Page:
We were at the mall - my mother, my sister and me. The three of us ventured into the nurses supply store, which in itself was strange because no one in my immediate family worked in the medical field.
The cheerful store clerk in my dream told us we should lay down and be pushed through a machine that she cranked by hand, as a conveyor belt fed that person through the covered part of a massive machine unit. My mother laid down first, almost as if she were hypnotized to do so, and was calmly processed through the machine. Everyone was smiling when she came out, a totally flattened, still alive, version of herself, on the other side. My sister seemed perfectly happy to comply with the clerk's suggestion that she lay down, and to my horror, she was next to be squashed. They held hands, my flattened mother and my flattened sister, and told me with paper doll smiles that I was next.
I remember the dream going as far as me reluctantly laying down on the conveyor belt, before the disturbance of my own thrashing (presumably) woke me.
My family teased me about it, because it was surely irrational, but for years I didn't like being in the vicinity of that store front.
Just six days prior to this photo, Zachary was healthy. Had just regained his birth weight. Was breathing easily on his own.
This photo was taken the day before Zachary died. He had been suffering for more than five days, and was in a state of medical paralysis, on life support and many other life stabilizing medications, for almost three full days.
We needed a team of two to three people, usually including a respiratory therapist, to turn and prop him (and his ventilator) with blankets and towels, in a new position every few hours. When he looked uncomfortable to me in between those times, if there was some impingement on any part of his body which might have materialized in skin breakdown or painful denting in his bloated body, I called his nurse to help me carefully move him again.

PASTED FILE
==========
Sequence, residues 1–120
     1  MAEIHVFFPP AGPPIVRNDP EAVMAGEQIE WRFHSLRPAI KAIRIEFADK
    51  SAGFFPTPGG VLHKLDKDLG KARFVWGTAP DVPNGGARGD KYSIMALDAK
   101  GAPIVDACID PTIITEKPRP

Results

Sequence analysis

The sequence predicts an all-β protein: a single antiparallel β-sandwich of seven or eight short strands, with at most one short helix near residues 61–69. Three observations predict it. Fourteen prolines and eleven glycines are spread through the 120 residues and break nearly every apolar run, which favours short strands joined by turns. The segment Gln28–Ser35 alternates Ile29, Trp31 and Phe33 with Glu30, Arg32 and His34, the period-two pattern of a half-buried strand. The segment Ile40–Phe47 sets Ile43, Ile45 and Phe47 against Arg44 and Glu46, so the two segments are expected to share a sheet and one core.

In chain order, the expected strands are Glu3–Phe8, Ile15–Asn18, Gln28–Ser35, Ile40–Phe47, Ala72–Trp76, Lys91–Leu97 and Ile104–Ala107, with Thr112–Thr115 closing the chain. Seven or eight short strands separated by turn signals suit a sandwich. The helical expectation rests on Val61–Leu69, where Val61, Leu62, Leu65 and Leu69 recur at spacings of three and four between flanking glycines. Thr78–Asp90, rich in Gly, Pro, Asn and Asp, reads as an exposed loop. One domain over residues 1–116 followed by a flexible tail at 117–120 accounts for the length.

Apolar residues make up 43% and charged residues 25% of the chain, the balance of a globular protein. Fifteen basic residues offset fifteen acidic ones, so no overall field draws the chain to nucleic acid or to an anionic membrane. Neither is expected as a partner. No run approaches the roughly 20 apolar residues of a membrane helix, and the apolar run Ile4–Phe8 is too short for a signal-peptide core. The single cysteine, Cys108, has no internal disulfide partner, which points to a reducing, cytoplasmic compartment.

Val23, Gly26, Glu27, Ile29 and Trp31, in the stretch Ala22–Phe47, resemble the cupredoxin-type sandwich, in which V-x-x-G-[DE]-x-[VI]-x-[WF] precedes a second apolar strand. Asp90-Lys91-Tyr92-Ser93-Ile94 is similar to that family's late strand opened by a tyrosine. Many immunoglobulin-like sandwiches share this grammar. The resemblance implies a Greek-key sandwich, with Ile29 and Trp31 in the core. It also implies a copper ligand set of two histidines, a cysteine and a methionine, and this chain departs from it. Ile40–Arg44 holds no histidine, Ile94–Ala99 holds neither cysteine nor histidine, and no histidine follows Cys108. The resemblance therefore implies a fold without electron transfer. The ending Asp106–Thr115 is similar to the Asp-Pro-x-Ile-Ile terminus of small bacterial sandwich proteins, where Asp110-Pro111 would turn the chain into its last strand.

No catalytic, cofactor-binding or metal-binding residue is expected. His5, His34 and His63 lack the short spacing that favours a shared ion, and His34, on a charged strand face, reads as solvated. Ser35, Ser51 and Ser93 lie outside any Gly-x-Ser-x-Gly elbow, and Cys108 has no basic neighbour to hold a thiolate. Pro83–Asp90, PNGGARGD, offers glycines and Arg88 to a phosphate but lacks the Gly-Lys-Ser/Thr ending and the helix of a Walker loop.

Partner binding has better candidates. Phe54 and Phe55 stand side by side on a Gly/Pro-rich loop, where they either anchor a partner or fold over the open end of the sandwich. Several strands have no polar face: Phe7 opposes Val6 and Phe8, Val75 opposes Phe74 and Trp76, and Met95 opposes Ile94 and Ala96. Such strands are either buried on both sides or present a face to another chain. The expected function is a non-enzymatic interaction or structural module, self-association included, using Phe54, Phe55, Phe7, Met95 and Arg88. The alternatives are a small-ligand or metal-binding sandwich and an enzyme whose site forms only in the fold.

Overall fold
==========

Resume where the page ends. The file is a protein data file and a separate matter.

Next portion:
On that Sunday morning, we were shifting Zachary around, and also trying to sponge bathe him, especially in the areas where the edema forced skin to lay on skin (where it otherwise wouldn't). The respiratory therapist held his ventilator in place while his nurse gently rolled him to his side so that I could wash his back and neck.
I froze, horrified beyond my pre-existing horror. His back was flattened. Indented, as if by a hard cover book. It was as if a force had pressed onto him, held him there. For days. For weeks. His skin was swollen, and hardened, all around the edges.
He was smashed. My poor baby was suffering, soon to die, and now, he was flattened.
While his nurse heaved and sighed at the sight, I wept and wept and wept, and steadied my shaking hands to wash the flattened parts of my beloved boy. I kissed him and whispered to him again and again how sorry I was.
I wanted to run. I wanted to run up and down the hospital halls and scream at the top of my lungs about the torture he was enduring, about the neglect I suspected had led to such incredible suffering and such a devastating end for Zachary. I wanted to disappear, to relinquish the responsibility I had, as his parent, to absorb all the horror unfolding upon the body and spirit of my son.
But I couldn't run. The next day, I'd have to be there for him as he died. And now, every day, despite the life going on all around me, I remember and live with the horror that happened to Zachary.